“I’m also concerned as a county organization that we haven’t committed to a telework policy which would ultimately minimize the footprint of the building and also reduce our costs. We need to have that conversation around telework. We need to have that conversation about satellite sites, before we move forward with this huge, huge investment.” Hopkins said during the February 8th board meeting.

Public transportation access has been another selling point put forth by the county as to why the Sears site is the best alternative. Supporters have pointed to Sears’ proximity to the Smart Train and the Sonoma County Transit Station as a benefit. Locating services near public transit is a laudable goal, but in this case, in Sonoma County, moving the campus less than three miles within Santa Rosa will make little difference for residents or county employees. The Smart Train only serves Petaluma and Rohnert Park, and Petaluma already has a satellite service center, while bus routes from west and north county often take the same or less time to reach the current county campus than the downtown transfer center.

Hopkins continued, “I’d like to be able to vote yes on a plan with clearly identified funding sources. A plan that includes supporting rural residents for whom accessing services in downtown Santa Rosa actually becomes more challenging. Ultimately this is about resources, resources for the foreseeable future. And I feel like we’re being asked to put those resources for the foreseeable future into downtown redevelopment.”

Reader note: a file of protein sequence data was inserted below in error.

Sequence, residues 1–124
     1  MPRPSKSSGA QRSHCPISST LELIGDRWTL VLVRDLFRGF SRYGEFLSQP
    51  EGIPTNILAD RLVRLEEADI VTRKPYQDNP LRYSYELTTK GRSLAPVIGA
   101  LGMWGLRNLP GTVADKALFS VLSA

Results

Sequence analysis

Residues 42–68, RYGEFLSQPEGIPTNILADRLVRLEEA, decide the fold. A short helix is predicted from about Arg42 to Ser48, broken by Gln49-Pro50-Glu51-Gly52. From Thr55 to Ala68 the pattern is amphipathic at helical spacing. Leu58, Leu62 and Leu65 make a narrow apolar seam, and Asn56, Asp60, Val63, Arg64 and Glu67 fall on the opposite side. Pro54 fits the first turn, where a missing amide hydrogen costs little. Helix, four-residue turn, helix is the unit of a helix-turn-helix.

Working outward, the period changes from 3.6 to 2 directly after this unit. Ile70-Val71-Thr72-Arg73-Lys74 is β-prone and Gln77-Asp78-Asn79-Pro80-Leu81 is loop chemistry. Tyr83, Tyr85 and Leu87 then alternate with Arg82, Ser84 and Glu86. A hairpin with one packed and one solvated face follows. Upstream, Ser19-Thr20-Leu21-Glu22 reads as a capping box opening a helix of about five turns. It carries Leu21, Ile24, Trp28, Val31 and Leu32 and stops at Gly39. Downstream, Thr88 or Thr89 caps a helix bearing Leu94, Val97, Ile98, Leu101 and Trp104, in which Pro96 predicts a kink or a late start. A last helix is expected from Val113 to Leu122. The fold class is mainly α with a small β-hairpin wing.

A Better Solution: Neighborhood Service Centers and a Decentralized Green Future

While many have suggested that moving the county campus to Sears would be a forward thinking, green project, one that will expand and improve county services, it is in some ways more anachronistic. Looking to the future, rather than increasing centralization, a strong case can be made that decentralization and distributed services are both better for the environment and the public. Distributing government services reduces carbon and improves access by bringing them closer to both end users and employees.

The satellite service model paired with a smaller consolidated central campus at the current location, made possible by having 30%-50% of staff working remotely, is an option that meets all of the county’s needs while avoiding the serious problems with the Sears site. This is similar to what Supervisor Hopkins has suggested, except that instead of moving downtown, the campus would stay at its current location.

In a facebook post following the February 8th vote, Lynda Hopkins asked her followers what they thought of the project. Out of the commenters that took a stance on the issue eighty-four were against the Sears site, while only five supported moving the campus to Sears. People were generally opposed to the project over the clear and obvious problems with the location. Some expressed disbelief that such an expensive project would even be considered.